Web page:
NFL Live castmembers Laura Rutledge, Mina Kimes, Dan Orlovsky and Marcus Spears will host an alternative stream of Sunday’s Tennessee Titans-Baltimore Ravens playoff game. They’ll be joined by Daily Wager regulars Doug Kezirian, Joe Fortenbaugh and Tyler Fulghum for Between the Lines, the first live NFL telecast for ESPN+.
The assignment comes after a rookie season for the quartet, who—along with Ryan Clark and Keyshawn Johnson—redefined the long-running studio show.
Selecting the group this spring, ESPN SVP Lee Fitting said, came with a decision to “push the envelope.” Johnson, at 48, ended up being the oldest newbie tapped as an analyst.
“Honestly, they’ve all shown me a certain level of respect,” Adam Schefter, 54, said of NFL Live’s cast shortly after a December episode. “Now I realize it’s because I’m so much older than them.”
When the NFL insider joined ESPN in 2009 as “the little brother” to fellow newsbreaker Chris Mortensen, Rutledge was just starting her sophomore year at Florida. Kimes was fresh out of Yale. Clark and Orlovsky were still in the middle of their NFL journeys. (Johnson, meanwhile, was just embarking on an ill-fated interior design pursuit.)
“Now I know how Mort feels,” Schefter said.
As ESPN and the NFL seek younger audiences, the new crew has started to deliver. Though it still makes up a small share of the audience, teenage viewership is up nearly 20% year-over-year (thanks in part to a move from 1:30 to 4 p.m.), even as the show, like most on TV, has seen overall declines. NFL Live overall is down 7% while ESPN was down 17% at the end of a year marked by canceled games and events.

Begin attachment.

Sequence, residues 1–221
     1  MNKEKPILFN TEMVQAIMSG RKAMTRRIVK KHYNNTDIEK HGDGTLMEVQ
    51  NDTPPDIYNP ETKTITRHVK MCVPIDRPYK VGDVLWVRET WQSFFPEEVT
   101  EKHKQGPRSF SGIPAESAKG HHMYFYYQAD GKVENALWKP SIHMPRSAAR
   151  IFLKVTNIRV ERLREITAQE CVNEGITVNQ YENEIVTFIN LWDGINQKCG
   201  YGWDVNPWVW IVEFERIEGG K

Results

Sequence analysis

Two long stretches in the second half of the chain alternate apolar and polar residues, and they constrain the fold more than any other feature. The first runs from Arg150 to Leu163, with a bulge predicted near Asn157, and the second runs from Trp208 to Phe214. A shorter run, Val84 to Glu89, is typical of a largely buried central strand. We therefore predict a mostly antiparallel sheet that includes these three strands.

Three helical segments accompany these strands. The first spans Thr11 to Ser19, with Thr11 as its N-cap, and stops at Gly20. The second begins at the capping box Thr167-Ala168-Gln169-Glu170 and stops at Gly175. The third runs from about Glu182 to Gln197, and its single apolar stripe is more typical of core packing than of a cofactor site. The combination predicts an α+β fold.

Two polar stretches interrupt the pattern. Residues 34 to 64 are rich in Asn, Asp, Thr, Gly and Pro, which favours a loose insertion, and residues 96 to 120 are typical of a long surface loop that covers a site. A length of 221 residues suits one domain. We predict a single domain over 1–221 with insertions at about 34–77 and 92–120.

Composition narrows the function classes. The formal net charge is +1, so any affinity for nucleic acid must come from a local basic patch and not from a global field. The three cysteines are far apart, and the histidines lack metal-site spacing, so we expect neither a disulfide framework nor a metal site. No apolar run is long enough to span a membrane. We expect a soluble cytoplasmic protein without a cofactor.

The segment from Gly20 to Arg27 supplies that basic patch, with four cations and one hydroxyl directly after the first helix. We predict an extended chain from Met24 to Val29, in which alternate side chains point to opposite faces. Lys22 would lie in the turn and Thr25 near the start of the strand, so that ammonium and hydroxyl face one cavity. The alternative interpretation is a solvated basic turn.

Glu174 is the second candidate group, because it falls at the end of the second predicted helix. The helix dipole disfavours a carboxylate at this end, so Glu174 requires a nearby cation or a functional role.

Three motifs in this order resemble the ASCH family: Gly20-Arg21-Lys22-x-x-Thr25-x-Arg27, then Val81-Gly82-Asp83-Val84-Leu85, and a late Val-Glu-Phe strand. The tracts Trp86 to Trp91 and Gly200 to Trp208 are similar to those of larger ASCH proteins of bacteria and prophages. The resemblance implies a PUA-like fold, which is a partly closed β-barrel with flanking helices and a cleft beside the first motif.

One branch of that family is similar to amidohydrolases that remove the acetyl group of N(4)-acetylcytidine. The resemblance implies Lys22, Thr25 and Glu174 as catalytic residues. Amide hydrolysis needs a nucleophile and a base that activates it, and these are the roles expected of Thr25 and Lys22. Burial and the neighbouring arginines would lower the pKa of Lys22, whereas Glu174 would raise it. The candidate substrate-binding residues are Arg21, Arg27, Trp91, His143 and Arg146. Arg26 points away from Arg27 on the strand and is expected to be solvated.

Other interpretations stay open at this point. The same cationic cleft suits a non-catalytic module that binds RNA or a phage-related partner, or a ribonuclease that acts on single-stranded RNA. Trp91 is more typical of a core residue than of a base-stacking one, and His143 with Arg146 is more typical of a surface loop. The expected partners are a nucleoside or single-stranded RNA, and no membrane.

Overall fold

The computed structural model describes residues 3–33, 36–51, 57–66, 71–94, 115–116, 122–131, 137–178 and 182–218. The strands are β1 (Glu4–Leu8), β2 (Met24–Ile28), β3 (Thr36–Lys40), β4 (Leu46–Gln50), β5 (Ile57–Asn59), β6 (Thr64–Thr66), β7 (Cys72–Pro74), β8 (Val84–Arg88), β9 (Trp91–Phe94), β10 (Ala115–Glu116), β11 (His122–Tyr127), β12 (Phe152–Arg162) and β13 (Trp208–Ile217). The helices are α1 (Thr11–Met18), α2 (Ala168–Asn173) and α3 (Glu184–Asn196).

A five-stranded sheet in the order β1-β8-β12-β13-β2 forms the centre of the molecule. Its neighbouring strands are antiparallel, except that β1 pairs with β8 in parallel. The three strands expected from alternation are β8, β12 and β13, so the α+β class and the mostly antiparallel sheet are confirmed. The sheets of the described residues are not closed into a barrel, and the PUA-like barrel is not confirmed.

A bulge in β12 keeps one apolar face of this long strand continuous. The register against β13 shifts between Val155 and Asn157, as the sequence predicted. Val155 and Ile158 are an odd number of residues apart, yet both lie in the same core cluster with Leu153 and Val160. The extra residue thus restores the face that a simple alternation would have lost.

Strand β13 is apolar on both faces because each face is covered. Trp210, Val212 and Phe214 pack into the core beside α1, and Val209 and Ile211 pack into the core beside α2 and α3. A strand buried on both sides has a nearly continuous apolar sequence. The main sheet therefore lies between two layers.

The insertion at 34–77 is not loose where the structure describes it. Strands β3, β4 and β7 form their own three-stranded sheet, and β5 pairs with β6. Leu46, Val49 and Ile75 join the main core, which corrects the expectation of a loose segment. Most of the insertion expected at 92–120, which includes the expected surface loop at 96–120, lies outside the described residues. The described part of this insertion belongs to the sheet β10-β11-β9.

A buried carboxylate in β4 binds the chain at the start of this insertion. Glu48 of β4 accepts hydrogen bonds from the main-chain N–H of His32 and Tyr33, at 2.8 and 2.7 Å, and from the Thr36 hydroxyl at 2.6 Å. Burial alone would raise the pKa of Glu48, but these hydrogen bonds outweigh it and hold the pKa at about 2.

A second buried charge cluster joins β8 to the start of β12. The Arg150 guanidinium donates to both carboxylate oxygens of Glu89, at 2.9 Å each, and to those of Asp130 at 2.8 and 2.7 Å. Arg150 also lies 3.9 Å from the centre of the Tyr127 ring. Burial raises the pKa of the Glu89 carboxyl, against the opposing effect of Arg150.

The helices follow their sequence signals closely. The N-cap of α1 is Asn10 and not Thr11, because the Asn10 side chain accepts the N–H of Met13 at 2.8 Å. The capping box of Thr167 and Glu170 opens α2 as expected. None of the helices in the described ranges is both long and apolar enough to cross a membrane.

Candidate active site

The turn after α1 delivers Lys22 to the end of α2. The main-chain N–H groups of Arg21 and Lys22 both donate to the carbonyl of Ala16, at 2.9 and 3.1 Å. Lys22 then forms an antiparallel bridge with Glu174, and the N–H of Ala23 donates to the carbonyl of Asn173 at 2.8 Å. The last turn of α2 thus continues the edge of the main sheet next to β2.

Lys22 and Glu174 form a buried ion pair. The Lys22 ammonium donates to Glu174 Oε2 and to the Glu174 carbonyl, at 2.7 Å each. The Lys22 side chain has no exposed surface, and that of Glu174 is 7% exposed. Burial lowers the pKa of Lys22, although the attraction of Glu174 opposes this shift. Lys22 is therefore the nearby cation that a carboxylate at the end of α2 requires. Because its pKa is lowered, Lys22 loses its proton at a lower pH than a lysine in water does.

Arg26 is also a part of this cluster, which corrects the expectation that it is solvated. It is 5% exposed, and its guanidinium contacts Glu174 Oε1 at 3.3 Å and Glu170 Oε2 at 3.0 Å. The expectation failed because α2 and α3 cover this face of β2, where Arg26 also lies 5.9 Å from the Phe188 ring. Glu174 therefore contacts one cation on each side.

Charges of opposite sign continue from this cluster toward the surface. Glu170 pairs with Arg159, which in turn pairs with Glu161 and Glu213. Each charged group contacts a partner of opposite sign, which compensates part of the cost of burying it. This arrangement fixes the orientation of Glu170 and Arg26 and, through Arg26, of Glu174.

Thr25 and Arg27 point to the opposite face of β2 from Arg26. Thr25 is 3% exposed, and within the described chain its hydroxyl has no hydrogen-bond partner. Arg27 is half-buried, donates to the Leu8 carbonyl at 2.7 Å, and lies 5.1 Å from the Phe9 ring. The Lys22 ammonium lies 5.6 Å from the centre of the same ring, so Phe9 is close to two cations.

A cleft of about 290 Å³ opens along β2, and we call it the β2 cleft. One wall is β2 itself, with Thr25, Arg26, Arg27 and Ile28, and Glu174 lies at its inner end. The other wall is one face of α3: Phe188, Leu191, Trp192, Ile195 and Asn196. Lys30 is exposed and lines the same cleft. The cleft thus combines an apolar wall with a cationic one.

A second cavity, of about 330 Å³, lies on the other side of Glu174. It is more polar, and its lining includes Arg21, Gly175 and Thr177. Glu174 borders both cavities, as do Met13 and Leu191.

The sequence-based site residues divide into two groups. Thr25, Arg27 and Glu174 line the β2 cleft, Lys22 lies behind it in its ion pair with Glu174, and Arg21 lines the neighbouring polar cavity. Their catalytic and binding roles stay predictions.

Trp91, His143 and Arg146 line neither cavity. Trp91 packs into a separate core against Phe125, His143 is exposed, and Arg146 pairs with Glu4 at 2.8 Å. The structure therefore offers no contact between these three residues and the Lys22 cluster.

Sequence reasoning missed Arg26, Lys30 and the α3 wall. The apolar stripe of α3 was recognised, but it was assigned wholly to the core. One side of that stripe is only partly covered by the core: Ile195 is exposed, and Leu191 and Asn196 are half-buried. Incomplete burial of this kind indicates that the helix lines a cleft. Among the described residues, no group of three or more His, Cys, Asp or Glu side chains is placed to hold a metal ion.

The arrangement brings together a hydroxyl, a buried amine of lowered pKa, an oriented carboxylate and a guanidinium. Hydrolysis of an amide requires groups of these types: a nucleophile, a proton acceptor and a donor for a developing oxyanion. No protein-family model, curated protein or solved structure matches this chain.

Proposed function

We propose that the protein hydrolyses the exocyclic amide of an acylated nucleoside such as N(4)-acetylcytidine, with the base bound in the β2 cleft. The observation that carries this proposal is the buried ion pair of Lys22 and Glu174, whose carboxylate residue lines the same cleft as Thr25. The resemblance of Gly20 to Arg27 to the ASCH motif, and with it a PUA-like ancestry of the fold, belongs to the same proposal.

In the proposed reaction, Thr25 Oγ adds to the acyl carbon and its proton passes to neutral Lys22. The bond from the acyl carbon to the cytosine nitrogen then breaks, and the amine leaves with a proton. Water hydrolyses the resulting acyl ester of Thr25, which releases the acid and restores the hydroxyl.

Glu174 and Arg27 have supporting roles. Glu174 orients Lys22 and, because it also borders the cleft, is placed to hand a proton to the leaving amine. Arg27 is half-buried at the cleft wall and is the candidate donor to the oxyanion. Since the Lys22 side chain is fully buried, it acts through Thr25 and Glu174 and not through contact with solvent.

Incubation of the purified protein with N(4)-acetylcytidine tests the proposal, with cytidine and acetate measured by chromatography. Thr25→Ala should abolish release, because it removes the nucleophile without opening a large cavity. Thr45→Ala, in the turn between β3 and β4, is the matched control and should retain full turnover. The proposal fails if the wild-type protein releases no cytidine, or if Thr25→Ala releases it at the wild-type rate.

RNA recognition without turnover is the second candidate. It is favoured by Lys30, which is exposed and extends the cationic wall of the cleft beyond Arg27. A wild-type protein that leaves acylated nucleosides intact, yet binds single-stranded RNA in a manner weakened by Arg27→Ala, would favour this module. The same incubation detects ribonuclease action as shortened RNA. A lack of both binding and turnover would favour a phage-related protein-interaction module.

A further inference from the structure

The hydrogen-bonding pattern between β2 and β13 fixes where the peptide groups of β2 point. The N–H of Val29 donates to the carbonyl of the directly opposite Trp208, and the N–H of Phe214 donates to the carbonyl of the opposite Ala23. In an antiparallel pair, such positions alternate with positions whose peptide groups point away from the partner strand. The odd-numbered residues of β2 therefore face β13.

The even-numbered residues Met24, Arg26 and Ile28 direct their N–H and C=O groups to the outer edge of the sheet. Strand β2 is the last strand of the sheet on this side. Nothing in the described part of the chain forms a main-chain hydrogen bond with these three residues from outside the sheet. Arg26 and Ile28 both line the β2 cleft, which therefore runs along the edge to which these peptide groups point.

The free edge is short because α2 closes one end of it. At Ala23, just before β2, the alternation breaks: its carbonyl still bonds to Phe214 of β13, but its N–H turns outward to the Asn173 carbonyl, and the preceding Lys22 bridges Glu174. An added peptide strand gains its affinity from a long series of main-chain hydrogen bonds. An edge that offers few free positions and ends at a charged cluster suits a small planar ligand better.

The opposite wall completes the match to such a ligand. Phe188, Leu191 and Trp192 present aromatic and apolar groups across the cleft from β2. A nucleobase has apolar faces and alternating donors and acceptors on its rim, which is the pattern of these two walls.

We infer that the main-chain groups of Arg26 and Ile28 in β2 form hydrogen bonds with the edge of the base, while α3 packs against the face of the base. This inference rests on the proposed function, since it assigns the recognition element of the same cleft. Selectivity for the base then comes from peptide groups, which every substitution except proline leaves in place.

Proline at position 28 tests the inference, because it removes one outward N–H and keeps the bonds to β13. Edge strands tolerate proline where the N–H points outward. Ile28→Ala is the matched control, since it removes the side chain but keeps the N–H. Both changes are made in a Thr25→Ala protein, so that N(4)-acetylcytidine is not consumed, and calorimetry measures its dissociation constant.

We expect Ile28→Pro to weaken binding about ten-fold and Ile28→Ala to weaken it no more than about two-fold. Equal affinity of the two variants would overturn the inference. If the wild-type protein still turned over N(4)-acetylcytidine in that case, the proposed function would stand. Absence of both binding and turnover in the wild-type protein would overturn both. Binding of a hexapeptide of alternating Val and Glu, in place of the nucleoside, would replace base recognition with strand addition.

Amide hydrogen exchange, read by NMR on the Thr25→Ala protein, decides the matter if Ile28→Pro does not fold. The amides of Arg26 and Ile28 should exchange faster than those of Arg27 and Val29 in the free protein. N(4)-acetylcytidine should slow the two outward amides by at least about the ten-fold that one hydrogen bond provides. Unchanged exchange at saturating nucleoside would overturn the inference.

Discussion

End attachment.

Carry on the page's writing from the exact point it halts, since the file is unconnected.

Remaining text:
NFL Live’s female viewership, meanwhile, is up 9%. “We’ve seen great growth among female viewers which is really, really cool,” Rutledge said. “That’s something that is a priority for ESPN in general.”
Similarly, ESPN+’s audience skews younger and more diverse, according to company data.
“From last season to this season, it’s altogether a different show from my perspective,” said director Jay Hammond, who had the same role last year but has been joined by new producer Mark Eiseman and new coordinating producer Lydelle King, among others.
Eiseman and co. have challenged TV orthodoxies, beginning with the show’s first shots. “Ahead on NFL Live,” past hosts would say at the start of most programs, teasing a handful of topics to be discussed during the program after a 15-second, animation-heavy intro. But not Rutledge.
She started Thursday’s show by welcoming viewers before quickly throwing to Schefter for the latest on Ryan Fitzpatrick and then immediately bringing in the day’s analysts. The show was off and running.
“Full credit to Lee and [ESPN vp of production] Seth [Markman] early on talking about what the show looks like,” Eiseman said. “They said, ‘Do we have to do a tease?’ It was like, Wow. Let’s take a second and think about that.”
Hammond keeps the energy up with active cameras, showing the desk from all angles and not shying away from putting the guts of NFL Live’s studio—lights and prep documents and teleprompters—in view. “I like to show the cameras in the background,” he said. “I try to involve the viewer in the conversation like they are sitting around the table.”
And the conversation doesn’t end when the show does. “Yes, we’ll bring you your TV show but we’ll also interact with you all day long on Twitter and Instagram,” Rutledge said. “I think for me, that’s knowing that this is no longer the traditional studio show world anymore and saying, ‘How can we roll with that?’”